Train to be a teacher – in six months

By Alex Stevenson

Those who have lost their jobs because of the recession could be teaching in schools within six months under a fast-track training scheme announced today.

The initiative, unveiled as part of the government’s public services reform agenda, will help the highest-performing mid-career candidates who have lost jobs to become qualified teachers within half a year.

It is hoped subject areas like science or maths where there are currently shortages will be boosted by those who have been made redundant because of the economic downturn.

Those “with several years of professional experience, in areas such as financial services or high-tech industries” are being targeted.

Schools minister Jim Knight said: “There are thousands of highly talented individuals in this country who are considering their next move, who want to do something challenging, rewarding, that is highly respected and where good people have great prospects.

“My message to them is to see what they can offer teaching and what teaching can offer them.”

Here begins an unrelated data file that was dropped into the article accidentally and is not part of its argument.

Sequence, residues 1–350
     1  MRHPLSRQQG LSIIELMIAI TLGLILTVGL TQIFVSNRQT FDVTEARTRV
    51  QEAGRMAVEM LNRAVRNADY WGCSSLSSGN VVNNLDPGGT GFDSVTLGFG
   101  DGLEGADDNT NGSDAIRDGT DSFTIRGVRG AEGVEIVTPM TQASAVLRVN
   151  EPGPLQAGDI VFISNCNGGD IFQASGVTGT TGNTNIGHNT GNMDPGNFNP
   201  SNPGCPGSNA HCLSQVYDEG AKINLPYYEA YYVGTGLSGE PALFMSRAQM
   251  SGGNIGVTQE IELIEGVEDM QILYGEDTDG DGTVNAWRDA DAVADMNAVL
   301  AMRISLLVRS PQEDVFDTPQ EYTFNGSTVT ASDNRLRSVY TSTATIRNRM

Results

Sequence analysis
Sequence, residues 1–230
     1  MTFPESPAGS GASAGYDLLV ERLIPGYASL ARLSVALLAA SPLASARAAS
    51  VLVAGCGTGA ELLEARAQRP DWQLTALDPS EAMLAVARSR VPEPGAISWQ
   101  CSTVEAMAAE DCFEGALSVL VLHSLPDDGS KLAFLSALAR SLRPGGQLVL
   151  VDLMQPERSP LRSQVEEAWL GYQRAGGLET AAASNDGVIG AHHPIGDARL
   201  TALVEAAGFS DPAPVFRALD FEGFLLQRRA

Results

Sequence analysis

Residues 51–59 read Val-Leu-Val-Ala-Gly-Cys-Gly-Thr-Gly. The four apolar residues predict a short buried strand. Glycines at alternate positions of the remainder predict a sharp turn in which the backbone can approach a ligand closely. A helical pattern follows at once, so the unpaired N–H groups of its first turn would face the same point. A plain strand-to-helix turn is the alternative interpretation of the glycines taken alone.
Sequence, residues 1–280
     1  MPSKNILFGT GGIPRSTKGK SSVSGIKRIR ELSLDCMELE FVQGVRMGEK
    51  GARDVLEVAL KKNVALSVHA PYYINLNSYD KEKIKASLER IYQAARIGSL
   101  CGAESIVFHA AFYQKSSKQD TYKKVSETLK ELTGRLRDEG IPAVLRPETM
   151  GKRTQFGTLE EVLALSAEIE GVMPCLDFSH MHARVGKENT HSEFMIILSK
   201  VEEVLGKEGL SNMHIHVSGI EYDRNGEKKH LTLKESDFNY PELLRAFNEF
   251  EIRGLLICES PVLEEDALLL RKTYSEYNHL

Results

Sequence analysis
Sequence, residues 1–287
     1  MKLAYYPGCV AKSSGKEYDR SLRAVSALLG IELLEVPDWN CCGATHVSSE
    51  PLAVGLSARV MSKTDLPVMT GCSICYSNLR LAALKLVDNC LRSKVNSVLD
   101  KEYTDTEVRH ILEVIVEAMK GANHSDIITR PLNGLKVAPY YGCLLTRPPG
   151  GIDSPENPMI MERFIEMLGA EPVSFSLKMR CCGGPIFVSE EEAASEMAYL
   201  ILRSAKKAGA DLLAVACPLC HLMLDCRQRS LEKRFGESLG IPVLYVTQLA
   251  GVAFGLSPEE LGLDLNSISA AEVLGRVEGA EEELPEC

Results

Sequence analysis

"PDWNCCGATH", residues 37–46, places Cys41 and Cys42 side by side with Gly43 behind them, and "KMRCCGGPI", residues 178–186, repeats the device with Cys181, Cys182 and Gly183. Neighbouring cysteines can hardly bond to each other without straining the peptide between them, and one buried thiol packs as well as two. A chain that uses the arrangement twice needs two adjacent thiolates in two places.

Acting general secretary of the National Union of Teachers (NUT), Christine Blower, however, described the six months’ training scheme as “nonsense”.

Talking on the Today programme this morning, Ms Blower said “It doesn’t seem to me to be a sensible idea at all.

“In a downturn lots of people come into teaching and some of them stay. But in the past we have never said that they can whip in after six months and be qualified.

“I think it demeans the position of people who are teachers at the moment and it certainly undermines what is the importance of a profession which is that people have to understand not just the curriculum, not just about behaviour management, but how teaching works with young people.”

Details of the course will be finalised over the coming months. But it is hoped by next year an initial ‘summer school’ preparing would-be teachers for work will be operational.

Short placements in schools and selection for the programme by an ‘agent’ are also being considered. The scheme is likely to sit alongside existing teaching recruitment efforts like Teach First.

The government is also announcing today other proposals to improve education in England.

Accelerate to Headship will be launched in September 2010 in a bid to enable outstanding people to become school leaders within four years.

Over 140,000 pupils will be offered one-to-one catch-up tuition in English and maths in the next school year.

And parents will be handed additional childcare support with 3,000 children’s centres offering support to 2.4 million families.